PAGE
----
Operating rooms were on hold and some appointments were cancelled after a critical network failure Friday morning across all The Ottawa Hospital (TOH) sites.
According to information provided to hospital staff and obtained by CBC News, a "hardware issue" was discovered at about 5 a.m. Friday, resulting in a network failure that affected multiple software systems.
As a result the hospital entered into a critical infrastructure failure code grey, which remained in place Friday afternoon.
Affected systems included: EPIC (an electronic health records management system), PACs (picture archiving and communication systems), Cerner (a suite of medical software), Rhapsody and SPOK Mobile paging.
"An incident command centre has been put in place and operations teams are working on downtime procedures for all TOH sites and our regional partners impacted," the information provided to TOH staff Friday morning stated.
Staff were advised that TOH didn't expect anything to change until "at least" noon.
Systems began ticking back online before noon
One doctor who declined to be named because she wasn't authorized to speak told CBC News that staff can keep doing medicine without computers.
Health-care staff outside the General campus told CBC that some systems were starting to come back online and they were instituting workarounds such as printing things off and calling patients with results instead of emailing them.
An email to staff at 11:50 a.m. said systems were starting to function again, but advised staff not to immediately log in.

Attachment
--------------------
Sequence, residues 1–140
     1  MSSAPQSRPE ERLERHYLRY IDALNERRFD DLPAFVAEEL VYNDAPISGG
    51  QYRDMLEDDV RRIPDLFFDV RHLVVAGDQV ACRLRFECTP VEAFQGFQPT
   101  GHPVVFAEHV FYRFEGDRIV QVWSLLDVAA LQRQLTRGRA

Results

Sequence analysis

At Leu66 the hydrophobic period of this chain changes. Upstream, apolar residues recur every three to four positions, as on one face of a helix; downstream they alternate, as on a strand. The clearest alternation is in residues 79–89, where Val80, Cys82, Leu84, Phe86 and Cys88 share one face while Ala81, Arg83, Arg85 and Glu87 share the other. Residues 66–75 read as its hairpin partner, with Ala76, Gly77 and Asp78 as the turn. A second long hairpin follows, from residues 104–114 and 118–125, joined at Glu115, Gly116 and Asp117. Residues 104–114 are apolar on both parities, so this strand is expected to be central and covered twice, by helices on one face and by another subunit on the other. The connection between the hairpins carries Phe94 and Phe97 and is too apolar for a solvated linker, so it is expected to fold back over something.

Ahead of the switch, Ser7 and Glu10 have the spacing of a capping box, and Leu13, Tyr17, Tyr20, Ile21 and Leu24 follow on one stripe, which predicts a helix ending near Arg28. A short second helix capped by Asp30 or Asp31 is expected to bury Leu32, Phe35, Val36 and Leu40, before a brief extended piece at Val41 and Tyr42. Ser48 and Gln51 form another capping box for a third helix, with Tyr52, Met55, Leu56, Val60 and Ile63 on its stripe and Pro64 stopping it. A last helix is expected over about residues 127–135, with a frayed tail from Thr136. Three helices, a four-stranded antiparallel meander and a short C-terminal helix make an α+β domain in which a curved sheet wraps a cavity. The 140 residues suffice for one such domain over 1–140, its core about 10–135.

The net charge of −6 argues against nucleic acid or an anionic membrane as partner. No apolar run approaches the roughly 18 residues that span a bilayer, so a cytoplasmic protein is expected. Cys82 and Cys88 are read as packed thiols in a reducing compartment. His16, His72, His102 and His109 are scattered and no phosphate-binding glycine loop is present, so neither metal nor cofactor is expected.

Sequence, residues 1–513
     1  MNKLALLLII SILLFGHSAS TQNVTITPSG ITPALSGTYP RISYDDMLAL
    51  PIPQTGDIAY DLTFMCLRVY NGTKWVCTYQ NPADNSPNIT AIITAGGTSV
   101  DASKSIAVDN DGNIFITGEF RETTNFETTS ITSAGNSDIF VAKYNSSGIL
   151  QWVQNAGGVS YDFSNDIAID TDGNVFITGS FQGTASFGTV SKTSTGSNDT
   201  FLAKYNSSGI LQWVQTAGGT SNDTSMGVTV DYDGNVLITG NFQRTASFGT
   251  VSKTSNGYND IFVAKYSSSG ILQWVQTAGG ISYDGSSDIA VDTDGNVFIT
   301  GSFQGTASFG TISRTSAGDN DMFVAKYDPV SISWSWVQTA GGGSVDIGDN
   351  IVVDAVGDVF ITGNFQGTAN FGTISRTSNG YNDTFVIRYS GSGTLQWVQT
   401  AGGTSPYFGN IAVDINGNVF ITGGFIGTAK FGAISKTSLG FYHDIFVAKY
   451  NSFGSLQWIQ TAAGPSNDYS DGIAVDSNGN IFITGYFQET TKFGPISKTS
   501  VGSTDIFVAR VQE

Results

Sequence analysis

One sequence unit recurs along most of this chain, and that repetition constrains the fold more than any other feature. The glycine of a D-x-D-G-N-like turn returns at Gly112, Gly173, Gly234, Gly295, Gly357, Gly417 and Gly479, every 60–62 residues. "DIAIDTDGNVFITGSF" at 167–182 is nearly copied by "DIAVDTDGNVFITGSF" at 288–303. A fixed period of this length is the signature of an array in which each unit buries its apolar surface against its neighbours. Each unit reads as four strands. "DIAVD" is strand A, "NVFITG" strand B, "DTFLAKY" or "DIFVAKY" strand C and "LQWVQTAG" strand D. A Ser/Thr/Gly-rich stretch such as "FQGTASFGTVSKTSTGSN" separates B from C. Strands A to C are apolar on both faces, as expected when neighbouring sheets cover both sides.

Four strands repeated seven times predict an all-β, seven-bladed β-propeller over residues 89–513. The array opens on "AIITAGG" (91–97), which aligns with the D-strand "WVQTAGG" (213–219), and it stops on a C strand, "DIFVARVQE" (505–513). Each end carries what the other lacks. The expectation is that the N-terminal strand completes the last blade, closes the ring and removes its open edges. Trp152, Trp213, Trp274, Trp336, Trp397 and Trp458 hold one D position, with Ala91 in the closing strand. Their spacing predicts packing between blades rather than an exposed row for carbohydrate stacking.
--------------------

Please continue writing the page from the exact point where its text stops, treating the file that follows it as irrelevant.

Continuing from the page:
Amanda Holroyd, an administrative assistant for TOH, said the issue affected "most of the hospital," and that systems were coming back online before noon.
In a statement sent just before 5 p.m., the TOH said it was fully operational and the network issue was resolved.
"The interruption was caused by a hardware issue," spokesperson Vanessa Sanchez wrote by email. "Unfortunately we don't have information on how many were affected."
'Most unfortunate,' says visitor
Isabelle Salole said she showed up at the hospital Friday morning with her husband, who needed blood work for a transfusion early next week.
They managed to get everything done just before the hospital closed the entire lab until Tuesday morning, she said.
People who showed up without printed copies of requisitions weren't so lucky, Salole said.
"It's most unfortunate, and I guess it applied to the whole Ottawa Hospital system," she said. "We were very fortunate that we got the blood test done."
Mary McEwen, who was at the General campus to help her mother, said a doctor had to walk down to another room to retrieve some imaging, but otherwise she didn't notice much of a difference in their care.
"They seem to be a really well-oiled machine. The nurses that I've spoken to, they're adapting. It's easy enough to do things up on paper," McEwen said.